sound familiar, and DC both pioneered and mastered the event
that would shatter your senses and realign your reality.
Infinite Crisis is just the latest, and only a fool
would consider it the last.
As most probably
know, Infinite Crisis serves as sequel to that original,
Marv Wolfman and George Perez' Crisis on Infinite Earths,
the first crossover to address continuity. DC had been publishing
for fifty years by 1985, and in that fifty years, the company
had built up a glorious heaping mess of storylines both
stupid and brilliant. What worlds they hadn't created to
explain the absence of heroes for some time, they bought.
Fighters, killed in the pages of Infinite Crisis #1,
came from Earth-X - characters originally published by Quality
Comics. On Earth-S, the heroes from Fawcett Comics such
as the Marvel Family and the way underused Spy Smasher,
Bulletman and Mr. Scarlet resided. Just before Crisis
on Infinite Earths, then-publisher Dick Giordano snagged
the rights to the Charlton Action Heroes such as Blue Beetle
and Captain Atom.
(DC didn't even
try to add in the Archie Comics heroes when they briefly
had the rights. They just started a whole new and short-lived
imprint, Impact! Comics.) Many Earths merged into one. Yet
the continuity got sticky again after twenty years, with
characters never adequately explained and editorial demands
making the question of who met who when and why even more
confusing than before. Hence Infinite Crisis. And
yet…this marks the FOURTH crossover to redefine continuity.
events, the ones that Infinite Crisis has not yet referenced,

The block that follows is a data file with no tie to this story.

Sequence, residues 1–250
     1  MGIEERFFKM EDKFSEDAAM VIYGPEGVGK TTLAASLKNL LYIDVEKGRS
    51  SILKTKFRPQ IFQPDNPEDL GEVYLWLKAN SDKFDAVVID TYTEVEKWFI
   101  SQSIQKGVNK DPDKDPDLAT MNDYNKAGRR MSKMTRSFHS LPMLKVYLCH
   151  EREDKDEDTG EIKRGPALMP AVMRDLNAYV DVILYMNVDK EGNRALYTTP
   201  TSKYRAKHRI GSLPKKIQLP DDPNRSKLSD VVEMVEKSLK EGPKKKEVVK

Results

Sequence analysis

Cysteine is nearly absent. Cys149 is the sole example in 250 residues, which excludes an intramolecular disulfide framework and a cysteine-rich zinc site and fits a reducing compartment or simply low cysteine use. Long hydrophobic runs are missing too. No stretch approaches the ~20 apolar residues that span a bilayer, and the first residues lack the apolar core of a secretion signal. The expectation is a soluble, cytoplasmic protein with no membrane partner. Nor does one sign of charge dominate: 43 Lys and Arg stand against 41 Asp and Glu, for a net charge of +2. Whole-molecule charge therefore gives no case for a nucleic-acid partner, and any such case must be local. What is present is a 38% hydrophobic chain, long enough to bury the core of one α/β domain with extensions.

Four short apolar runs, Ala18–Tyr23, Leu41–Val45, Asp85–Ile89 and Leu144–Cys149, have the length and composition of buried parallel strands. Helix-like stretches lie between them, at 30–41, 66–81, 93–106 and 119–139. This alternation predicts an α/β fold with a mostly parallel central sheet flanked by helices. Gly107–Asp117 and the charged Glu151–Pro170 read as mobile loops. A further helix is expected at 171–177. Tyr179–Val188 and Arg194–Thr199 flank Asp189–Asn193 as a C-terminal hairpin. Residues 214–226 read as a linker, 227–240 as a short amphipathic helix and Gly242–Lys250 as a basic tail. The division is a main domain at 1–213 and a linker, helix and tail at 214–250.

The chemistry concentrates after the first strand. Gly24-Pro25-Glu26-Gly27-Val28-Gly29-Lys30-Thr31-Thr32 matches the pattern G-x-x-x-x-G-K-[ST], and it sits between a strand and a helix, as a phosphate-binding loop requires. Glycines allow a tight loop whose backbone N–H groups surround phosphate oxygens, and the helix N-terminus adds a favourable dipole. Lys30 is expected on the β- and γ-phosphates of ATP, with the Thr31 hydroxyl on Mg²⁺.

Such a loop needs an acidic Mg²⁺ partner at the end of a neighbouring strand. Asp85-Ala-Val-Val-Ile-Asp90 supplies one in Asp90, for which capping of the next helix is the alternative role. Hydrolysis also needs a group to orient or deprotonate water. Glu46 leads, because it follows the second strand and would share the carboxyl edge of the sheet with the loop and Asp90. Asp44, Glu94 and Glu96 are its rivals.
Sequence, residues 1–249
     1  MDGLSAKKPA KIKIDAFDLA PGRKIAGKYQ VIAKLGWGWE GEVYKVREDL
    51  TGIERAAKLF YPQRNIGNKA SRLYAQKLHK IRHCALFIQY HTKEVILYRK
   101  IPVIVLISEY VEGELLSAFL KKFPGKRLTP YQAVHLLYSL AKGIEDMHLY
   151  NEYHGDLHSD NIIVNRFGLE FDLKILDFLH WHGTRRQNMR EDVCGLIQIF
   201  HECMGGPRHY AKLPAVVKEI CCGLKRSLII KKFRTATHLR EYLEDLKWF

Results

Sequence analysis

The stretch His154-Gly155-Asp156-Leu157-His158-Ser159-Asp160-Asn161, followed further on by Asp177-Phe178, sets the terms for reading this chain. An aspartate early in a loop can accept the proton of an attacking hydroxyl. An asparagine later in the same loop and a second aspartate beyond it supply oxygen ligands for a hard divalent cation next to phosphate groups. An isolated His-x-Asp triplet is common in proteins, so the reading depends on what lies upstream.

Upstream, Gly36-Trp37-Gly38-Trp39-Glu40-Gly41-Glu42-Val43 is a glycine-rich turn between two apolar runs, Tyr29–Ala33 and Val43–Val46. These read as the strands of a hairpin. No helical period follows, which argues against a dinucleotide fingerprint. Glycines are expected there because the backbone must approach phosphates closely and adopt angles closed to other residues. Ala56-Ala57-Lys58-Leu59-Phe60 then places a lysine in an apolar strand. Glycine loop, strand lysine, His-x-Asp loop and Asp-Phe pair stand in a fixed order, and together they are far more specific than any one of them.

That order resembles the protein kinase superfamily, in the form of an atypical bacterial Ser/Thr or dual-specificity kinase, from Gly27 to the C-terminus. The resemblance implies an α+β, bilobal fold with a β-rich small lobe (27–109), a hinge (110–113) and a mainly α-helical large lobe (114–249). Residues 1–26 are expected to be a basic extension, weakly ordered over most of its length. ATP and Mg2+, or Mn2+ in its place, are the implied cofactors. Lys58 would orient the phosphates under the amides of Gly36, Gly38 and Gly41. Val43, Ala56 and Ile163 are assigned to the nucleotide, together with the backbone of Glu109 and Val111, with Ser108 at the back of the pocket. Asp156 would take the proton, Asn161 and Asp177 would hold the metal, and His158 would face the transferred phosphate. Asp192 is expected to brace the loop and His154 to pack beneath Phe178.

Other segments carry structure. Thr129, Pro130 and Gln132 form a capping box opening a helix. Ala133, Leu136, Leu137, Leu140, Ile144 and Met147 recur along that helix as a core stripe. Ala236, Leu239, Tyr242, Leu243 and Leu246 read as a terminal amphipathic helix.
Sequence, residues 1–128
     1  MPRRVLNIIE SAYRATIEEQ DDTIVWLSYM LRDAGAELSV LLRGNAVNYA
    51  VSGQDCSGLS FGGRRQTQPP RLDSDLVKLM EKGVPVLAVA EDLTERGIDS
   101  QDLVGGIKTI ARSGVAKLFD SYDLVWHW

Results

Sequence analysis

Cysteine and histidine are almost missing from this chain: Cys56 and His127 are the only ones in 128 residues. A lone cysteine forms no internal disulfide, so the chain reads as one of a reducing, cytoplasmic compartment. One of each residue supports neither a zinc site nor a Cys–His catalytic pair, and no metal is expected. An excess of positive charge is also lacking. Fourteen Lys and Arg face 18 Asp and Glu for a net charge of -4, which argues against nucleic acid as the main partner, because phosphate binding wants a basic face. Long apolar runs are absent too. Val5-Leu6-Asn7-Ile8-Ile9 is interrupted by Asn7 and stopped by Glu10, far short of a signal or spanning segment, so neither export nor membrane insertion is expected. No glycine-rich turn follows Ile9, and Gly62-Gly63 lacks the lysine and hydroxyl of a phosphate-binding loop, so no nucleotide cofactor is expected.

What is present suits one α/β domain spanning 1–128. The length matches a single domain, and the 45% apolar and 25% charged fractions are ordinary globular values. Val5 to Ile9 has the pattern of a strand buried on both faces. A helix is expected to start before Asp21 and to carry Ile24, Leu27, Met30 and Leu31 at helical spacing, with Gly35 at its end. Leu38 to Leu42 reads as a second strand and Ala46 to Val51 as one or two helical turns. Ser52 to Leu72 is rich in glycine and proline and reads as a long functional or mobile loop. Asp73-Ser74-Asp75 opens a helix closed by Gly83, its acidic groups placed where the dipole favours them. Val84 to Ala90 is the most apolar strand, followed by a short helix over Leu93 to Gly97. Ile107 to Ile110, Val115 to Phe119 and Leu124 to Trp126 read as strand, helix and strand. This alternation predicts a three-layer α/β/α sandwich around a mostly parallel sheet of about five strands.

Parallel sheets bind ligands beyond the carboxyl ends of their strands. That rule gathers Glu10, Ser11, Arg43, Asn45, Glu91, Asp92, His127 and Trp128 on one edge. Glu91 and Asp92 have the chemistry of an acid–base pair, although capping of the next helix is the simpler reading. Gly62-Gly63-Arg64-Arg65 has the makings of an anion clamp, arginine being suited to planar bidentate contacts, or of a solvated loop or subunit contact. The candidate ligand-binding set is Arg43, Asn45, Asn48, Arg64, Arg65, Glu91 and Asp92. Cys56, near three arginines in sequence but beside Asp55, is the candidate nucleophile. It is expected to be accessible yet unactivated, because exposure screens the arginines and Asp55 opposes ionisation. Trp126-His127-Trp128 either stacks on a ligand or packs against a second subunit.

but knowing Geoff Johns it probably will, are Zero
Hour: Crisis in Time
Zero Hour itself took its cue from Armageddon 2001,
a summer crossover event published in 1991. There Matthew
Ryder, the denizen of a future dystopia started in 2001 (gasp)*,
had dim memories of having been saved as a child by a superhero,
but he could not remember which one. In the years since, the
superheroes had been systematically wiped out by an armored
despot named Monarch, who had once been one of their own.
Using an experimental
time travel device, Matthew Ryder went back to 1991 to try
and find out who Monarch had been before, and hopefully
put a stop to his evil plans. The trip through time transformed
the young engineer into the yellow and black chronal warrior
called Waverider (visually striking enough to show up on
Justice League Unlimited).
see into heroes' futures when he touched them. No, those
futures didn't include long walks holding hands with Waverider.
Improbably, it turned out that Hawk (of "…and Dove") would
become Monarch, and the quantum-powered Captain Atom would
knock him into the timestream.
At the end of
Armageddon 2001, Waverider discovered that he
was the hero that had saved himself as a young boy, and,
in a future with no Monarch, that boy would grow up and
become one of The Linear Men, guardians of the timestream.
They inducted Waverider as one of their agents, sworn to
protect the one true continuity even though Waverider himself
violated it, which made things awkward at the Linear Men
end result of Armageddon 2001, though unintended
at the time, was Zero Hour.**
a taste for chronal energy, and his constant sucking on
the time pipe transformed him into the even more powerful
villain Extant. Wishing to remake reality in his own image,
Extant figured that he could just cause a universal do-over,
with him in charge.
for Extant, another hero-turned-villain already had more
power and stole his thunder. Fresh from destroying Oa, everybody's
favorite Green Lantern turned genocidal maniac Parallax,
Hal Jordan, elbowed Extant aside as DC editors reached in
and tweaked a few things about their characters' pasts.
seemed to forget that Lex Luthor had once been a fat older
businessman before cloning himself into the handsome rogue
we know today. Batman never found out who killed his parents
(though, just as in Batman Begins, Joe Chill murdered
them). Jerry Lewis had never made The Day The Clown Cried.